However hard I try to give a true picture of my personality, I meet brick walls.
I, therefore, can only but talk about myself as a priest, educator and
administrator. This mix of vocation and professions, balance out in my
judgment, through the dynamics of personal aspirations, organizational goals
and common good. It is difficult to brand myself an expert without giving off
overtones of intellectual pride.This is however, without prejudice to the fact
that a number of my professional colleagues and other distinguished people
of reputable standing have directly or indirectly shared the delight of their
encounters with me. These incredible experiences I will expand on herein.
Some have resulted from my daily and regular teachings from the pulpit,
some from classroom interactions, where I ultimately derive joy in sharing my
knowledge with students of my assigned classes in a given semester.
While others who have consulted me on administrative and other life burning
issues have never walked away disappointed or unsatisfied. Could I claim
not be spiritually resourceful and academically logical and sound to attend to issues in their varied natures.
In my life as a priest, I have known the intense nature of the commitment to the ideals of that vocation which
has to do with the conscience on the inside and with the canonical obligations on the outside. Other external
demands like duties arising from belonging to an organization or institution, come in like manner. This is exactly
how it applies to me. I come face to face with communities and people of diverse backgrounds in the course of
my ministerial duties and administrative involvement in the parish. My experience at the Office of the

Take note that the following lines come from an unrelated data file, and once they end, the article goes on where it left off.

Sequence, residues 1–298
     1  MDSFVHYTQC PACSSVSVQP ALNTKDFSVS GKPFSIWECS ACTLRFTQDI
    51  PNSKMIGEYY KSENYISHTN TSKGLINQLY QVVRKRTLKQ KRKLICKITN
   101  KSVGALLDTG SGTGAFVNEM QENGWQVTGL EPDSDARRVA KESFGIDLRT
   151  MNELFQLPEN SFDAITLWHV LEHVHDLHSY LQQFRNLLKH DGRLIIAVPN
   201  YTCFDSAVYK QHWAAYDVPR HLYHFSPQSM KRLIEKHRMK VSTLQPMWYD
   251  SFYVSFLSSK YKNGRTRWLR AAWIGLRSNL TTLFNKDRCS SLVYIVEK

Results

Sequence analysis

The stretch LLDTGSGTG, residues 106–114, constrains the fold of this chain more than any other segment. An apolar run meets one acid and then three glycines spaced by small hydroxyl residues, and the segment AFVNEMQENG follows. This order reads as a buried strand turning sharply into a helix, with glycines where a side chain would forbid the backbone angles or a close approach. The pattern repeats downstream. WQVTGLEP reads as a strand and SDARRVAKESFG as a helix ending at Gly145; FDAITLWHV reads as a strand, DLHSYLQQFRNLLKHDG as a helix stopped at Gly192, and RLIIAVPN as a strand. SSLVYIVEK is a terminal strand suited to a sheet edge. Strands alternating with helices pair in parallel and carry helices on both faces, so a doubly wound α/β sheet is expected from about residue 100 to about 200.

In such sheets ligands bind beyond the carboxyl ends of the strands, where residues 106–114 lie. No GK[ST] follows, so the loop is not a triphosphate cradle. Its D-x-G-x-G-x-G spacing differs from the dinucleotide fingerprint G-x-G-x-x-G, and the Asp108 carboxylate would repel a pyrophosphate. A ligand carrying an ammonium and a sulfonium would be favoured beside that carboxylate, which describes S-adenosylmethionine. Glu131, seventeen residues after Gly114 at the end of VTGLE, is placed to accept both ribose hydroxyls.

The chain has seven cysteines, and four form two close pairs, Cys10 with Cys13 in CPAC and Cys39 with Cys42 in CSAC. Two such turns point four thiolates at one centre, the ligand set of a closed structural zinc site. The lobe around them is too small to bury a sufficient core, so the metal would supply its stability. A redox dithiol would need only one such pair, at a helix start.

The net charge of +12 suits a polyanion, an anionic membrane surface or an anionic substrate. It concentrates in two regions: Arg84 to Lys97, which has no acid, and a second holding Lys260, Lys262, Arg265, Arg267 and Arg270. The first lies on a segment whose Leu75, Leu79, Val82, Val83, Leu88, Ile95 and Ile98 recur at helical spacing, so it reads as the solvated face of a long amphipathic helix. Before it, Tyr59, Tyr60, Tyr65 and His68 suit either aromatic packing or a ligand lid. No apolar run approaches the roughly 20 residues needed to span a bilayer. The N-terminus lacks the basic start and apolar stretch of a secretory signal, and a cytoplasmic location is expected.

Institutional Advancement, St. John's University, and my five years of teaching experience at the same
university have been avenues through which I utilize and practice the theoretical part of the four major areas
(Organizational Leadership, Policy & Politics, Management Science and Research Methodology) of study in the
Educational Leadership and Accountability program.
Proclamation from the pulpit is a difficult task. Even the fifteen years I spent training for the priesthood is greatly
challenged by the realities, which the ministry entails. But much as preaching is related to teaching, there are
obvious differences existing between that and teaching in education. Whereas preaching involves most of the
elements of teaching, it is much more. In the classroom situation, the teacher interacts with a more or less
homogeneous group unlike the congregation, in terms of age, experience, faith, education, extent of religious
commitment, socio-economic status among other elements. These elements make preaching a highly sensitive
exercise. Thus the choice of language, gesture, and in fact the culture and nature of the place, all come into the
picture. Teaching itself is a profession requiring all the training and skill, knowledge and carriage that enable for
successful classroom interaction.
The aim of this portion of the folio is for each student to demonstrate his/ her own individual expertise. The
following are the outstanding areas from which every member of the Cohort is expected to write and
demonstrate on any three, showing extended knowledge of the chosen topics:
- Areas of Expertise/ Special Interests
- In-service / Consultation / Special Teaching
- Public Information Writing
- Professional / Community Participation
- Issue Background and Briefing Materials
- Legislative Products
- Funding Proposal or Application Proposal
- Political Interest Map
|In order to justify this assignment,
I have chosen to write on the following:
|What we need most is what good teachers give students:
goals that stretch you, but that you can reach;
and real inspiration---
encouragement to keep trying no matter what.